Exempt vs non-exempt workers: simplify employee classification

In the United States, most jobs are governed by the Fair Labor Standards Act (FLSA), which classifies workers into two broad categories: exempt and non-exempt. Under the FLSA, non-exempt employees are entitled to overtime pay, while exempt employees receive no overtime pay, regardless of how many hours they work.

This sounds straightforward, but the FLSA has a number of exemptions when it comes to overtime pay and minimum wage requirements. These include white-collar exemptions for administrative, executive, and professional employees, computer professionals, and outside sales employees, as well as the highly-compensated workers exemption.

To understand if an employee is exempt or non-exempt, you’ll need to review the following three tests:

  • Salary level test: Under the new overtime rules, employees paid less than $913 per week are considered non-exempt.
  • Salary basis test: This determines if an employee is paid a guaranteed minimum, regardless of the number of hours they work. This amount need not be the entire compensation received, but the employee must have some amount of expected pay for any given workweek.
  • Duties test: This determines if the nature of role is categorized as “administrative,” “executive,” or “professional.” The FLSA exemptions are limited to employees who are deemed to perform relatively high-level work, rather than based on job titles or position descriptions.

Classifying employees as exempt or non-exempt has been a hot topic lately, and a particularly fruitful area for lawsuits – contributing to 17 percent of wage and hour litigations since 2007. With the new overtime rules and the recently released sick leave mandate (applicable in a number of states and cities), businesses will need to consider multiple factors when it comes to reassessing and possibly reclassifying their workforce.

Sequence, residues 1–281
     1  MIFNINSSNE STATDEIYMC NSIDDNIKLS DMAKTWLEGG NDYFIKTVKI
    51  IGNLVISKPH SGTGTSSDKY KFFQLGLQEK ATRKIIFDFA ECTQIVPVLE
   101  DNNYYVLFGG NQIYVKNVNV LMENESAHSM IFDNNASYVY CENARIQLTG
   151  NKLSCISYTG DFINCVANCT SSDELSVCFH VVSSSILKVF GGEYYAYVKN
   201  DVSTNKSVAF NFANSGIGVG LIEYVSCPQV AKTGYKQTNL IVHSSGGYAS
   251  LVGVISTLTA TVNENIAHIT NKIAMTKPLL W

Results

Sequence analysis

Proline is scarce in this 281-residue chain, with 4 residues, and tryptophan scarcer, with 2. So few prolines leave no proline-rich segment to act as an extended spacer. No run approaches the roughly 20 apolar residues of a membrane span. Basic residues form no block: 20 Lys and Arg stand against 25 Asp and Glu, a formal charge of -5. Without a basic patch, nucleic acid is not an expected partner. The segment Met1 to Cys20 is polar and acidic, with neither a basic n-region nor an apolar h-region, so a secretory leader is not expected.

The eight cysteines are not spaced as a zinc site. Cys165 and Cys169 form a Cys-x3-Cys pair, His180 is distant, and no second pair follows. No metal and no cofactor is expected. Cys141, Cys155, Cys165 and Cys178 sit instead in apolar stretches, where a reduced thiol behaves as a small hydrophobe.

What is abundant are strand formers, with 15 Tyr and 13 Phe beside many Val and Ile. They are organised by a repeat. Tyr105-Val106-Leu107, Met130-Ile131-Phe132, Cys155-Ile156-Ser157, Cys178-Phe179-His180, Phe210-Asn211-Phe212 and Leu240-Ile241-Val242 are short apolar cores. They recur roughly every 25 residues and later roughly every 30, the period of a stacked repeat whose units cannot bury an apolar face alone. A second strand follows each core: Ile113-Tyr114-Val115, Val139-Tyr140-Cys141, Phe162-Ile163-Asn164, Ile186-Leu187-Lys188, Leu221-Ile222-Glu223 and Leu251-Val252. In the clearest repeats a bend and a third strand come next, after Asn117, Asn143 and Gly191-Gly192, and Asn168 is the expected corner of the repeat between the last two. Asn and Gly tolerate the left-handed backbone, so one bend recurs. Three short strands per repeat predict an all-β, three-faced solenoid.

There are a number of other approaches businesses must consider as part of a holistic process, people, and technology approach to effective employee classification. Below are four critical tips for successfully managing both exempt and non-exempt employees.

1. Ask employees to schedule and track hours

The FLSA does not prohibit tracking of exempt employees. In fact, the Department of Labor states that employers can require exempt employees to work a specific shift and/or track their hours without affecting their exempt status. For example, Illinois (a jurisdiction with work time requirements) requires employers to keep a record of exempt employees’ hours worked. It is recommended that the exempt employees are tracked separately from the non-exempt employees.

2. Ensure salaries don’t fluctuate based on number of hours worked

No matter how many hours an exempt employee works, those hours tracked should in no way be used to manage the pay that an exempt employee receives. If their hours affect the salary and the salary fluctuates based on this, then the employee will no longer be considered exempt.

3. Update corporate policy and job requirements accordingly

If a business needs its exempt employees to work a shift and track their hours, the company’s corporate policy needs to emphasize that employees are not being treated as non-exempt. The best approach is to show that these additional requirements are part of the employee’s job responsibilities – that they need to work specific hours to perform their managerial, professional, executive duties effectively. For example, shift supervisors need to work in the same shift as the employees they are expected to oversee (and thus should track their hours), but can still be considered non-exempt.